Wednesday, December 26, 2007

Gingerbread Men

Has Christmas gone already? Thought I would show what I was busy doing on Christmas Eve - baking Gingerbread Men!

Baked fresh out of the oven, complete with dried currant buttons.

...and after being dressed in their royal icing clothes. They proved popular with the kids and didn't taste too bad either. They were my first attempt at the infamous Christmas treat and I'll be doing them again next year.

I also made coconut ice and mini meringues, which proved to be popular as well.

Our little girl even coined the mini meringues, "orangutans", because she was familiar with that word. So we now call them mini orangutans!

Tuesday, December 18, 2007

Pumpkin vines

My butternut pumpkin vines are finally starting to overtake the overgrown weeds.

I was a little worried when the rains arrived and the weeds shot up out of nowhere. But testimony to the hardiness of the good old pumpkin vine, she's come a cropper.

And here is the first pumpkin I can see. Still green but hopefully not for long! I just planted four seedings in my regular garden to help keep the soil together. It's the only vegetable I've got planted in the ground. The rest of my growing attempts are limited to planted containers.

I love the good old pumpkin vine though. They are the true survivor of the veggie world. Give 'em an inch and they'll sprawl a mile!

Tyre retaining wall

We received another downpour yesterday, which overflowed the tank again. Only this time we had installed a temporary tyre retaining wall.

It was a freely available resource we could aquire at any tyre fitting business for nothing. Best of all it doesn't damage the tank being butted up so close. The size of tyre which seemed most popular was the 175's. Other sizes didn't seem to come up in multiple numbers beyond 2 or 4.

There's actually two tyres to every tier here, but you only see the one sticking out. It took us the best part of a day to ram them full of dirt so they wouldn't move. They did the job too!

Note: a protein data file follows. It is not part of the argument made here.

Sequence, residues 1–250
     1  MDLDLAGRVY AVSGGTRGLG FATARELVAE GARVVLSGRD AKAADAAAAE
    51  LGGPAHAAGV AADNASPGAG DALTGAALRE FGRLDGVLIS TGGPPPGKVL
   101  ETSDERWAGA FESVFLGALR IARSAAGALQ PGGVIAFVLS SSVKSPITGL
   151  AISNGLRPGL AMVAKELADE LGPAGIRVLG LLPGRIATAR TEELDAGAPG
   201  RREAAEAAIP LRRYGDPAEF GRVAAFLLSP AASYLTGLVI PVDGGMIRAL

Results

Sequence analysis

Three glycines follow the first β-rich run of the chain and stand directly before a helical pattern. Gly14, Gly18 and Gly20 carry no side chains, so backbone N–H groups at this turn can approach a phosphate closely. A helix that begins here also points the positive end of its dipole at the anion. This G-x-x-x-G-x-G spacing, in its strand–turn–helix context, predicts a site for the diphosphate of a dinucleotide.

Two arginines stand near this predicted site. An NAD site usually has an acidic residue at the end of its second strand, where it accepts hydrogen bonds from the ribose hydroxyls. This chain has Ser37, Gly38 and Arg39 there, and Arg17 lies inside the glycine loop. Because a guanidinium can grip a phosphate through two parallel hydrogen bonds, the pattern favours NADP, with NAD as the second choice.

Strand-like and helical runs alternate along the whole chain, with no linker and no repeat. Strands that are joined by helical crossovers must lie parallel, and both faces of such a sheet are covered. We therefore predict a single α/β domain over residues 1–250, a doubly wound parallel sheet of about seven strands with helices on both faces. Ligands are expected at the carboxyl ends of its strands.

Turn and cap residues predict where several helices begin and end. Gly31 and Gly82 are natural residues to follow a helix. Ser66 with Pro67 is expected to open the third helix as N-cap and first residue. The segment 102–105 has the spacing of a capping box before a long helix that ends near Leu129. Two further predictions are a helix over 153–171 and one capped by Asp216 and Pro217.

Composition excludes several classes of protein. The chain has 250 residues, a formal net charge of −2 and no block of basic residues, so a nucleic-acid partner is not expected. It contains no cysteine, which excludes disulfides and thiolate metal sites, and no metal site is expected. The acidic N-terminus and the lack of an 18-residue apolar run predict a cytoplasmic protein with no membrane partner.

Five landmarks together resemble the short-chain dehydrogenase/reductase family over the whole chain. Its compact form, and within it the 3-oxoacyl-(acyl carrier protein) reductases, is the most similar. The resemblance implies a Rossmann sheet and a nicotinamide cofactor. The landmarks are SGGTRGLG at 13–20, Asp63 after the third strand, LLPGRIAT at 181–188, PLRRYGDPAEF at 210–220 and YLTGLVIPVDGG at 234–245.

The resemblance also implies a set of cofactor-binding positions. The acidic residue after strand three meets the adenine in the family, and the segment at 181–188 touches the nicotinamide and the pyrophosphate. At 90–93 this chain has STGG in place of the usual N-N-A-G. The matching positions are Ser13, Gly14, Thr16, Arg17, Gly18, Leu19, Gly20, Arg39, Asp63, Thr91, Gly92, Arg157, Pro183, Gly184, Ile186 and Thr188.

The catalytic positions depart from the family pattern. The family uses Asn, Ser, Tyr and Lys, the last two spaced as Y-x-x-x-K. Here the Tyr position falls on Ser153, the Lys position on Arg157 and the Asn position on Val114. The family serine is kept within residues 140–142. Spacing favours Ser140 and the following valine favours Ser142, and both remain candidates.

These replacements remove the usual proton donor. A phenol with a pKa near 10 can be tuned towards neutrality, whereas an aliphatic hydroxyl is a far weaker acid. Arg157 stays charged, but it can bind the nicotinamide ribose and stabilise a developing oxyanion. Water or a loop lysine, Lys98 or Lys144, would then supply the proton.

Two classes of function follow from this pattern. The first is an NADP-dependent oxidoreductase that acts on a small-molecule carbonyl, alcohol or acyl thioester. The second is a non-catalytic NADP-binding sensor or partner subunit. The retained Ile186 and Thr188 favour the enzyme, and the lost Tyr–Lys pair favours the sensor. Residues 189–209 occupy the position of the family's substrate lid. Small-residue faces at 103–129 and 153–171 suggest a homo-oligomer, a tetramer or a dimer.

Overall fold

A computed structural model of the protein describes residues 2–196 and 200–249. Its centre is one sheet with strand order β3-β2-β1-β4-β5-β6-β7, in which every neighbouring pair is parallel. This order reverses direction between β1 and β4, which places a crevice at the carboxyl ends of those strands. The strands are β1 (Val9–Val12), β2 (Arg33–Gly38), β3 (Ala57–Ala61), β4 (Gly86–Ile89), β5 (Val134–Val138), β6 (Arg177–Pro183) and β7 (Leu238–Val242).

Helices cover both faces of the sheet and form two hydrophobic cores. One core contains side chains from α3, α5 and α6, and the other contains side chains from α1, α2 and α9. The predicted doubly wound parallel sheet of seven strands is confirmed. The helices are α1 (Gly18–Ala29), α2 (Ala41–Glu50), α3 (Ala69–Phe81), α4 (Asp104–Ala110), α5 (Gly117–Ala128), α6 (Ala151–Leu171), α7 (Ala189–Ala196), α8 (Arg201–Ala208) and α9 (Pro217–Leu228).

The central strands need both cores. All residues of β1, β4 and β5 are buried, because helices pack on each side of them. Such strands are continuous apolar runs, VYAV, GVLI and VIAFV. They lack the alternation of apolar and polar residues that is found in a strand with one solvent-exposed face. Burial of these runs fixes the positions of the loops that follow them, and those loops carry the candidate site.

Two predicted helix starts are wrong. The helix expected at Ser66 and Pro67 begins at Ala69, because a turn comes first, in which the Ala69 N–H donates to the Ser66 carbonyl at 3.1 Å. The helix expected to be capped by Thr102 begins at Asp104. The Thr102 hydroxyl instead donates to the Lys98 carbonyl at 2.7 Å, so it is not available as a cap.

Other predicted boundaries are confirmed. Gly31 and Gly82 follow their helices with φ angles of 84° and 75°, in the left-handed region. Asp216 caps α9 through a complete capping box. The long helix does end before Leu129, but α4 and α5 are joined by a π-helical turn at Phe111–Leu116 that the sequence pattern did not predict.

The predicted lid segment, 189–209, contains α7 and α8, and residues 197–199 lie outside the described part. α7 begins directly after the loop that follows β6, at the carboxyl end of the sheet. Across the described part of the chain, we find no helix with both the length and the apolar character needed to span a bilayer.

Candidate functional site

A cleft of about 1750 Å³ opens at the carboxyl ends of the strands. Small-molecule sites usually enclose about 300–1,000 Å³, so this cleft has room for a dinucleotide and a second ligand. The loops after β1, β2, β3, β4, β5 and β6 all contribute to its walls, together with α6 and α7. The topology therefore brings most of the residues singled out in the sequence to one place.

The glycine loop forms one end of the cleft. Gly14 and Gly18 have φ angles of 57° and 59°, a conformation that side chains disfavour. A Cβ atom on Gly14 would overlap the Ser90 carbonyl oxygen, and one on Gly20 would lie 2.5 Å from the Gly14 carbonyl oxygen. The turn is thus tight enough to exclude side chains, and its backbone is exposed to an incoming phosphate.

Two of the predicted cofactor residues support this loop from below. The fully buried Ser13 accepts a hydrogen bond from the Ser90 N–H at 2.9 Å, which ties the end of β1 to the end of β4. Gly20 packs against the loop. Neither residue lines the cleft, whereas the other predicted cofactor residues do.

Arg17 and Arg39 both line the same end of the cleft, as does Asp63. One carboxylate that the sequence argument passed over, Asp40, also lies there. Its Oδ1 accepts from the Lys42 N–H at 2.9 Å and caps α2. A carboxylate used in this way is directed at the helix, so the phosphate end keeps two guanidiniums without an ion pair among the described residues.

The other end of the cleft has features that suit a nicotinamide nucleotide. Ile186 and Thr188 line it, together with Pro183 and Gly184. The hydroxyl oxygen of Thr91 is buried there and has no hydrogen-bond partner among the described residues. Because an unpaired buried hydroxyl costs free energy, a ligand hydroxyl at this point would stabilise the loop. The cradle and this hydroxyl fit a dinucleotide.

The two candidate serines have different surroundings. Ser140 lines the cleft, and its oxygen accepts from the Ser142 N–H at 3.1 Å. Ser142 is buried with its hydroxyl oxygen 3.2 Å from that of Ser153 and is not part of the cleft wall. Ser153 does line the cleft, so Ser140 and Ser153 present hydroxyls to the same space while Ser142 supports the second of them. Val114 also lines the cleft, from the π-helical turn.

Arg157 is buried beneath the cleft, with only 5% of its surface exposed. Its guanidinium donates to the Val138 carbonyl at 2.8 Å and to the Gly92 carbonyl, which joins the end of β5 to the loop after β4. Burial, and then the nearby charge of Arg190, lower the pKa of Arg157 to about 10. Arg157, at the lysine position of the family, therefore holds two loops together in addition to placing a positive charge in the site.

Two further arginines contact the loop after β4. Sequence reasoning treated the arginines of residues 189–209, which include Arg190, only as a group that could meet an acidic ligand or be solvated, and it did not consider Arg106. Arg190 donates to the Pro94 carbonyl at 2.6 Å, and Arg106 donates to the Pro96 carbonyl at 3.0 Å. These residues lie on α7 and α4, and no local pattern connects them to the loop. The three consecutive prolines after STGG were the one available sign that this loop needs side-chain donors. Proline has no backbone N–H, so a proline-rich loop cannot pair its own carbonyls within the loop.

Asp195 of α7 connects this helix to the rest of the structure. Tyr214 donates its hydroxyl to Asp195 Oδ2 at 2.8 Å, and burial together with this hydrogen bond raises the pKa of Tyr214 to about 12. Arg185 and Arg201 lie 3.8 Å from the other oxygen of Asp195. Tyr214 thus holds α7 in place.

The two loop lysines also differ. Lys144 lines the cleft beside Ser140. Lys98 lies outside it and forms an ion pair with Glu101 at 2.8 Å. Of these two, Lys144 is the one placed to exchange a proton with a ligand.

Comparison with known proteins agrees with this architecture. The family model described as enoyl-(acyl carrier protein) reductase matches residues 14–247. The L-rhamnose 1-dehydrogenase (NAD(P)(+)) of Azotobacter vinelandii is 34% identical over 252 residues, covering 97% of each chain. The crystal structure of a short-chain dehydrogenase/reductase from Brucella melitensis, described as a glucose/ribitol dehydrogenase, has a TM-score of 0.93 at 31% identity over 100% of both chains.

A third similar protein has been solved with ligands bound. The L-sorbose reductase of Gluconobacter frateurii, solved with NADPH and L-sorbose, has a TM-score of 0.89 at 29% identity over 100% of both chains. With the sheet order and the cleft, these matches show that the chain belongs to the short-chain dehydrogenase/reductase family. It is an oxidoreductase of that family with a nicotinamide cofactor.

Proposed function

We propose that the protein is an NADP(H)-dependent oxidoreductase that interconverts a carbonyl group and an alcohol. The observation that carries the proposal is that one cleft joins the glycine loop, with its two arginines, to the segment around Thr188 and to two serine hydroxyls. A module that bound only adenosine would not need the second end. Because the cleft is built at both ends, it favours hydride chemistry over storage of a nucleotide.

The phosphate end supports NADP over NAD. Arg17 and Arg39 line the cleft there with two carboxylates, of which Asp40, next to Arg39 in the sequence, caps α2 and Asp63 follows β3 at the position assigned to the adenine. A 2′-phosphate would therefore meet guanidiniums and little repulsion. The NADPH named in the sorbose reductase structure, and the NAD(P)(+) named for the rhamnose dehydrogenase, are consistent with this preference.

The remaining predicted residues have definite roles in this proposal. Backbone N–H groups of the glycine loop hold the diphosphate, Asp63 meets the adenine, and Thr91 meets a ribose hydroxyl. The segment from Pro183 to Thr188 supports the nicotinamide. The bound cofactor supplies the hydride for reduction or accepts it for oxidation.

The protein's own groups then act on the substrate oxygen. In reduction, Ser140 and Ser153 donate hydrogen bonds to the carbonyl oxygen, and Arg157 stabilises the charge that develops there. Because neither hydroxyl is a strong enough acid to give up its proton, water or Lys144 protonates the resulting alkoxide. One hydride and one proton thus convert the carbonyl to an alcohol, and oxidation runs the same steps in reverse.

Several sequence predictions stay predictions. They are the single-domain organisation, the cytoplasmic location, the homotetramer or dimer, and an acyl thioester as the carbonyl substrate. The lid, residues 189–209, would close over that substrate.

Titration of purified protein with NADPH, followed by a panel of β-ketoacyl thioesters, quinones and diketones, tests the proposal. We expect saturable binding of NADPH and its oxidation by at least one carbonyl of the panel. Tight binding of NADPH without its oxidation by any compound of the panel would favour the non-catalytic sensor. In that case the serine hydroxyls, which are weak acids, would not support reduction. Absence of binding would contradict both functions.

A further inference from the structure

The water which escapes from the inlet pipes once the tank is full, now diverts past the tyres instead of cutting a deeper channel beside the water tank. Our main concern was the stability of the base of the tank.

It's not going to be the permanent solution but it will certainly do for now.

Monday, December 17, 2007

First tomatoes

I'm so proud this morning when I picked ripe tomatoes straight off the bush and ate them. They were still warm from the sun, and boy did they ever taste good!

I planted quite a few tomato bushes but these are the only edible ones so far. Many got eaten out by pests before they made it to the table. But at least I can say I've tasted home grown tomatoes in the end!

I don't have a proper vegie patch yet so planted out an old wheelbarrow we don't use any more, and a few terracotta pots. I've had a few strawberries which tasted nice but were so scrawny. I also have some butternut pumpkins which have sprawled into the long grass, so I can't see if they're producing anything yet.

I hope they do, because home grown vegies taste awesome!

The house

It took about a year after signing our building contract, before we could finally move in. There were hair-pulling moments during construction and some problems which still exist - but it has more to do with how the land was cut and filled.

First of all, here is our house:

That's our neighbours' house and driveway in the background. They built on the south facing slope, while we built on the north so we get sun exposure all year round. It was part of the reason we have a wrap-around verandah, but also because it makes an ordinary rectangular box look heaps better.